You’ve probably had sangría before, maybe even one of the modern versions of it. Sangría is considered Spain’s un-official national beverage. Since it can be made ahead of time, it’s usually served when entertaining. Traditional sangría in Spain includes red wine, soda, some hard liquor, citrus and other fruit, usually stonefruit like peaches, in season in the summer, when sangría is most consumed.
In the last few years I’ve been seeing all sorts of drinks labelled “sangría” that may include alcohol or not, and different fruits not seen in a traditional Spanish sangría. I wouldn’t say those mixes are not sangría. Rather, what I like to think, is that the word sangría has become a generalized term for any drink that includes chunks of fruit —much like paella, which nowadays (and only outside of Spain), many people refer to as any rice dish cooked in a shallow pan and that includes a lot of fish and shellfish. Those dishes, or rather, their names, have become commonplace.
With the higher temperatures, which seem to have come now to stay, lemonade is my drink of choice. I like to make mine, because I can control the amount of sugar I add. And I particularly like lavender lemonade, because lavender is one of my favorite aromas, and I like lemon on just about everything, so putting the two together seems very logical to me. The lavender comes from my garden; the lemons —I wish.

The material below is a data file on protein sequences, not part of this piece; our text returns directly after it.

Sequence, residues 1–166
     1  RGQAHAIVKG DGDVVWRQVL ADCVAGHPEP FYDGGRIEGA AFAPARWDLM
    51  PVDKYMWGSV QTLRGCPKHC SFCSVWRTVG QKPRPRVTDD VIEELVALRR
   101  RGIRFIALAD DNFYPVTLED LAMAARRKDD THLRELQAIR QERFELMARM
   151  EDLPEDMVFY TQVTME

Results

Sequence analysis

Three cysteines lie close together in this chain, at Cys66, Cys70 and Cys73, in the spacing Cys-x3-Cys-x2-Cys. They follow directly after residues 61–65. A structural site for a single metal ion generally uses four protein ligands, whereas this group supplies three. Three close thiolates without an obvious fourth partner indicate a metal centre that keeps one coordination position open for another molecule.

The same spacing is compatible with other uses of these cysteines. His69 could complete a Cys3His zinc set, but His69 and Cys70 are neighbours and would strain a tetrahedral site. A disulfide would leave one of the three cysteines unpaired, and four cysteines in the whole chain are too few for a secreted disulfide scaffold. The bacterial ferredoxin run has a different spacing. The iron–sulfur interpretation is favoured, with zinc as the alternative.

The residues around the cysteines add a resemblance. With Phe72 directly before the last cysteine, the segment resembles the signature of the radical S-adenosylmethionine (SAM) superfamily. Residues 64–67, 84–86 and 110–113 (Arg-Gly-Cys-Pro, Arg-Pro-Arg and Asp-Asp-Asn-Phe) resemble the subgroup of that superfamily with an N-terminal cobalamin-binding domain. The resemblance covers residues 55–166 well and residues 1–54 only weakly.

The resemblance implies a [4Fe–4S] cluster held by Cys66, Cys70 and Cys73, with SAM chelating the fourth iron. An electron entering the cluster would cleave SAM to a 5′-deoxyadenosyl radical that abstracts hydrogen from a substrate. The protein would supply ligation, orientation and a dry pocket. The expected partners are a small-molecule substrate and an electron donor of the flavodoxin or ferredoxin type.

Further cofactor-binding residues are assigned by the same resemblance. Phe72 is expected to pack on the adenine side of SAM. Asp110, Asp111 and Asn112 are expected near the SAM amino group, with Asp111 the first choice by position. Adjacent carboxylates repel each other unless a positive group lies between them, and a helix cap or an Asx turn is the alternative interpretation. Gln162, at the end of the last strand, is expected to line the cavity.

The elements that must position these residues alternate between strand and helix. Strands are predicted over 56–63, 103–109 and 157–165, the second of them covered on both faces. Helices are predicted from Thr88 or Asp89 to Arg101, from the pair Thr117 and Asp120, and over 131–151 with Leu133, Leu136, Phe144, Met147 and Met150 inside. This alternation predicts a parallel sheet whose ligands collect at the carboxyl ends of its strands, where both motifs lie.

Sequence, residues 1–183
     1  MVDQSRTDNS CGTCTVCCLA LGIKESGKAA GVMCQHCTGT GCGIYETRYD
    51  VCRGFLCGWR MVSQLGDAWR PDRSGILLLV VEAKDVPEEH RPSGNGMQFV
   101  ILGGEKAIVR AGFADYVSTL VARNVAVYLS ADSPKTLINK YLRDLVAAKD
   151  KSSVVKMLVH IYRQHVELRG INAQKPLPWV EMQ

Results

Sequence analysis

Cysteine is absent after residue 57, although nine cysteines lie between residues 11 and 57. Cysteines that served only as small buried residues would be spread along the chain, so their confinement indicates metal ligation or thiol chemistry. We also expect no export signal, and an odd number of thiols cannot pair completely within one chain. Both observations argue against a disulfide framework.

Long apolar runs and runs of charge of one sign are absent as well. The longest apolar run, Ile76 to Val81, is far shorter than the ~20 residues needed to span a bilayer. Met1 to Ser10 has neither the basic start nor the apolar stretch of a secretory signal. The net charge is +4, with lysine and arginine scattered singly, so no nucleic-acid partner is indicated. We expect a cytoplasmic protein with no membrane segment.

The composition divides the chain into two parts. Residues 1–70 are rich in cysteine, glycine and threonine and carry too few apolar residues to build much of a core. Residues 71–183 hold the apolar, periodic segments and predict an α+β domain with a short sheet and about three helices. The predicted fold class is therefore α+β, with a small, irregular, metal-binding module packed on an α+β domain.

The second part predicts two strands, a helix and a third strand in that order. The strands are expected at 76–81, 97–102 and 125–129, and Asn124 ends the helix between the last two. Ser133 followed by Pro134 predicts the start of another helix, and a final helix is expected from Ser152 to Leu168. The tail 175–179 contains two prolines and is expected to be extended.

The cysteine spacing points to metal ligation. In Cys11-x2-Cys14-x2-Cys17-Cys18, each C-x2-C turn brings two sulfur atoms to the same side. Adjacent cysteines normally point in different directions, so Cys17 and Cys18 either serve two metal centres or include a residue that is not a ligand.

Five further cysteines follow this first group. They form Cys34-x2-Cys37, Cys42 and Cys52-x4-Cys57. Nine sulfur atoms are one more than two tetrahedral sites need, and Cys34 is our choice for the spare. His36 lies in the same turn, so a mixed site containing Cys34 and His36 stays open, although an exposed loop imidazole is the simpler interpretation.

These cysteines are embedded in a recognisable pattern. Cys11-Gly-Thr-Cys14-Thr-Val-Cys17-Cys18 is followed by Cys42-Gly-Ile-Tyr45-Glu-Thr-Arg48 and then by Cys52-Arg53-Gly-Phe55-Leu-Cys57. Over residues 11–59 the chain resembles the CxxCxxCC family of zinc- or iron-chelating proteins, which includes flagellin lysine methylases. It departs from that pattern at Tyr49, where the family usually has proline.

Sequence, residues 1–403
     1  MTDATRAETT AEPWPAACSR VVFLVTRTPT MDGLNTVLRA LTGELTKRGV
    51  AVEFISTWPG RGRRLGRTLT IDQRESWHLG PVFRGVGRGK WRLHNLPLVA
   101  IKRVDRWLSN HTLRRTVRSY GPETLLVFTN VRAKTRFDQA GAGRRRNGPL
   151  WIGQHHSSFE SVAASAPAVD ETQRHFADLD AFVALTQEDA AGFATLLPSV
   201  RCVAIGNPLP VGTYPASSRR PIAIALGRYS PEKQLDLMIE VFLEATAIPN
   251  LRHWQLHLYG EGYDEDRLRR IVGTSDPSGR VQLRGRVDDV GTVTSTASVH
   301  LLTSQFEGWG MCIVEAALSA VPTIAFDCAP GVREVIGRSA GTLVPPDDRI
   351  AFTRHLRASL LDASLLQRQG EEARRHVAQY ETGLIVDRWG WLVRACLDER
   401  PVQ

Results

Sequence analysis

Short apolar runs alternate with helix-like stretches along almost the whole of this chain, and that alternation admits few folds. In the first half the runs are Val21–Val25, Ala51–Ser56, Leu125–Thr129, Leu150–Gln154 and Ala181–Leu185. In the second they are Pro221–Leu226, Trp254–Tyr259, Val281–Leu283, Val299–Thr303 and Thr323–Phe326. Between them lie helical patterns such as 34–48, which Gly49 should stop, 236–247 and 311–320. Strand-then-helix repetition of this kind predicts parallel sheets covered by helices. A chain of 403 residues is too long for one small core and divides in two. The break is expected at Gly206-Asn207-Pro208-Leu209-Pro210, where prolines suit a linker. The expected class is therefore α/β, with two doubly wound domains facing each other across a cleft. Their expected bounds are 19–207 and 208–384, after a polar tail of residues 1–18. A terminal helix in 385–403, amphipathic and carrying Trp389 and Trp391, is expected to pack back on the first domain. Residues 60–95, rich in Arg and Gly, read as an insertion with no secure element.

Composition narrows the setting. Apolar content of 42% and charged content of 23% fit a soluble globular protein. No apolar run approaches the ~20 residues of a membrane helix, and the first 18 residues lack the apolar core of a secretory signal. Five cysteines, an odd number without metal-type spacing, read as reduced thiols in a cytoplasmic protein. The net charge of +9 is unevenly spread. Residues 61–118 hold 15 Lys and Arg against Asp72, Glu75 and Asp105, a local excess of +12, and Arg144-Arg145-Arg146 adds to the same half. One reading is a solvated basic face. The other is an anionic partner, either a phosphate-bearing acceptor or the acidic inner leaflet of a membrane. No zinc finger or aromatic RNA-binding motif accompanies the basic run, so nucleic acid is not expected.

I don’t know about you, but I am finding it hard to focus on autumn recipes, fall products and produce. Today I did my first trip to the pumpkin farm. It was supposed to be my only trip to the pumpkin farm this season, but as it turned out, today was my first of at least two. See, the farm was still closed to the public! I should have been surprised, (more…)
This is a very special week in my home city of Valencia, Spain, where every March, Spring and Fallas seem to arrive together. From March 12 to March 19, the city stops its daily business to celebrate this festival. In a ceremony called la plantà, the setting, 700 colorful statues are mounted throughout the city, in every square and (more…)
I find it hard to define gazpacho. In general, you’d see it classified as a cold soup —like what one usually eats with a spoon, served in a bowl or in a soup plate. Yet, that’s not how I remember my mom having gazpacho in the summers of my youth. And she should know, because (more…)